After resigning mid-year from Northton, Halpin accepts a position with the amusingly pseudonymed “Famous Athlete Youth Program” — a program that has partnered with the Boston Public Schools to pilot a truancy-prevention project for middle school students. From the very beginning, however, Halpin identifies flaws in the program’s approach to identifying students (e.g., going on “sweeps” to pick up truants hanging out on the streets in the middle of January) and in its approach to serving them (e.g., few students are actually brought to the program, the program has no formal curriculum, and its “partner schools” never send work for students to complete).

    Ultimately, Halpin laments the fact that it is the students who are harmed most by the administrative and organizational failings that characterize the Famous Athlete Youth Program, while the adults associated with the program go on to other reasonably successful endeavors the following year. Halpin summarizes: “Those kids got screwed” (p. 139) by receiving little second thought from the very educational system that was designed to help them.

    Finally, in Part Five, Better Than You, Halpin recaptures some of his lost optimism. His tenure at the “Better Than You” charter school in Boston is initially shaped by his interaction with a group of caring and dedicated teachers; however, once a new team of administrators is brought in to run the school, the teacher-empowered ethos is replaced by a succession of top-down policies and condescending teacher-training consultants — most of whom have never been teachers themselves. It is here where Halpin reveals one of education’s Achilles’ heels: the perception of teaching as a job in which almost anyone is qualified to dispense advice. He says,

    It’s hard for me to think of another profession where people are forced to have someone who’s never done their job tell them how to do their job. I mean, just imagine doctors going to a conference to get surgical instruction from a nonsurgeon. (p. 198)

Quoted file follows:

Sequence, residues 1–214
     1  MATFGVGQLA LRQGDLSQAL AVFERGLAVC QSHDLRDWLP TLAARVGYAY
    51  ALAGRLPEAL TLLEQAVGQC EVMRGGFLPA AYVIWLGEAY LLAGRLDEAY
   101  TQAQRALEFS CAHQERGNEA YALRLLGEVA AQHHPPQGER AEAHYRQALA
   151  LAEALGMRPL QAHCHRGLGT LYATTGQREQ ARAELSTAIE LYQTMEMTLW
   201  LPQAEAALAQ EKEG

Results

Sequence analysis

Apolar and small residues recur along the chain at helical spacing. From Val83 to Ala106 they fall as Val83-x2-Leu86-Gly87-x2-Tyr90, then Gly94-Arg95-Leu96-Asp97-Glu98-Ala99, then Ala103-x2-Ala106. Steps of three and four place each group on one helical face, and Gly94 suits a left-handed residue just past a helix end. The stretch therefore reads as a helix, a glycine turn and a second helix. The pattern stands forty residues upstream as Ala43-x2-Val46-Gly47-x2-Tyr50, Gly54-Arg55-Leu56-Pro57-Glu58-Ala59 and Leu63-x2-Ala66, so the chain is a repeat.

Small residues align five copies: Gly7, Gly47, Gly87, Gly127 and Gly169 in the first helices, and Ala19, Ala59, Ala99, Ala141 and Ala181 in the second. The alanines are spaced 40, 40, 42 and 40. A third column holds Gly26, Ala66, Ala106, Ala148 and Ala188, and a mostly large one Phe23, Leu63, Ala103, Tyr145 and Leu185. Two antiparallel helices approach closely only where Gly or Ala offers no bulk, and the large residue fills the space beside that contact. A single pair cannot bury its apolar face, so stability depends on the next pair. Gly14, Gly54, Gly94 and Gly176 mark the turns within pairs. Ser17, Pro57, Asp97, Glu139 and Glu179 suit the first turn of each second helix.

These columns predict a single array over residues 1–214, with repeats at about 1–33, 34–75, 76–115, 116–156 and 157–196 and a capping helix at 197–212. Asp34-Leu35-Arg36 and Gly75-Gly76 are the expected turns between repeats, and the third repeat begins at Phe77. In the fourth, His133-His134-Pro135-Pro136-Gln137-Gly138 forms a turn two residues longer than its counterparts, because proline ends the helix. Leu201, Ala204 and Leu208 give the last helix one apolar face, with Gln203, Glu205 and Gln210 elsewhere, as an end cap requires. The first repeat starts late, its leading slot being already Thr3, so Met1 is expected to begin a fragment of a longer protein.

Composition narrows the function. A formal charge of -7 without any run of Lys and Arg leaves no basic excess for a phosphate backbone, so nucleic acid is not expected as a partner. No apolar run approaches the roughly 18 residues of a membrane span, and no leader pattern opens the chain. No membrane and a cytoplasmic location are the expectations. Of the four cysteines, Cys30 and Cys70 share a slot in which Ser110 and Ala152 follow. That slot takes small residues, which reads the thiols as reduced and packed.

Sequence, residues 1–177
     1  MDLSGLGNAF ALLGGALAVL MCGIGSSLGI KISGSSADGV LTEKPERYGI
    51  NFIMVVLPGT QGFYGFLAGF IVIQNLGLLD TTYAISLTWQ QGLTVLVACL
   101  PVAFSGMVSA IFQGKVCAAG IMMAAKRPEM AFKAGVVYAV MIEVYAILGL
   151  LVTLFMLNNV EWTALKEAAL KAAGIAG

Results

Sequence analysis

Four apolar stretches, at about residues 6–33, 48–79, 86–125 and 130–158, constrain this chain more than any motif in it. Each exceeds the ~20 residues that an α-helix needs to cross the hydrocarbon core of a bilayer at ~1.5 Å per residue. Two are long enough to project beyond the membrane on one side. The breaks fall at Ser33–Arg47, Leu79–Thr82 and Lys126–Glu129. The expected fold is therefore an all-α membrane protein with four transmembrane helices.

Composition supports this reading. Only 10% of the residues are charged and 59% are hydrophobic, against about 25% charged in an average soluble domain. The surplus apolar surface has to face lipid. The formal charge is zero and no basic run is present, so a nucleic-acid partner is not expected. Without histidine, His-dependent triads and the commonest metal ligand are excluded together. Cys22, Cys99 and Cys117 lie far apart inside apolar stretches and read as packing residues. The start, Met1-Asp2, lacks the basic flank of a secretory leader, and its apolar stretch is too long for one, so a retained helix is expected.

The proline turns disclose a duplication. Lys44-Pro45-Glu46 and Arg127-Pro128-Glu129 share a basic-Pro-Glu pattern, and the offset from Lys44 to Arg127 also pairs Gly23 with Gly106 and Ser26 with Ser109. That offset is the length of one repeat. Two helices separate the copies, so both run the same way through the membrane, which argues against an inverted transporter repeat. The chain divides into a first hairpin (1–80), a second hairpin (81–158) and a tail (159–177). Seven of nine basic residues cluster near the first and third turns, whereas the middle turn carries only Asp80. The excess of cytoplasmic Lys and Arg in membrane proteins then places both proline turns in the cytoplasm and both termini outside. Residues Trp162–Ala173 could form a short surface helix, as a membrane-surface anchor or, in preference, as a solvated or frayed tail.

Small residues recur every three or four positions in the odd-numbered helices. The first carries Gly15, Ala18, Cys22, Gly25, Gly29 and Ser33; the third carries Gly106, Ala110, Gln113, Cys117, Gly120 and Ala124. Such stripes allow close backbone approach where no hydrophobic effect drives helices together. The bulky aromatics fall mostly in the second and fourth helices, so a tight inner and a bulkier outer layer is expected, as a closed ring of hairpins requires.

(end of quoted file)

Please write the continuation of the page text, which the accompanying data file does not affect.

Halpin eventually reaches his breaking point and makes the difficult decision to leave Better Than You after three years. The book concludes with his making his peace with the inevitable highs and lows that come along with teaching. Likening it to a long-term love affair, he says,

    Relationships never sustain the insanity of infatuation. So the school policies and administrators that always come with teaching have . . . driven me nuts — well, lots of people have difficult in-laws. So I’ve just come through a rough patch — lots of relationships have them. . . . Yes [teaching] is screwed up and frustrating, but I am in love with it, and I’m going to keep doing it anyway. (pp. 236–237)

    This love-hate relationship and the ups and downs that characterize teaching are the mainstay of teachers’ experiences, and his descriptions of the day-to-day successes and foibles are where Halpin is strongest. For readers of Losing My Faculties, it may be frustrating that Halpin offers biting criticism but no solutions to the serious issues that underlie his anecdotes. Yet, it is in this silence that we can perhaps glean the path to the answers: that in education there are no pat solutions to the most difficult problems, only a firm belief in the importance of the task at hand and a hope for the unwavering dedication of the people who do it.

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    Book Notes

    Why Is It So Hard to Get Good Schools?
    By Larry Cuban

    Losing My Faculties
    By Brendan Halpin

    Teaching with Fire
    Edited by Sam M. Intrator and Megan Scribner

    Troubling Education
    By Kevin Kumashiro

    The Promotion of Social Awareness
    By Robert Selman

    Affirming Diversity
    By Sonia Nieto

    City Schools and the American Dream
    By Pedro Noguera

    Adolescent Lives in Transition
    By Donna Marie San Antonio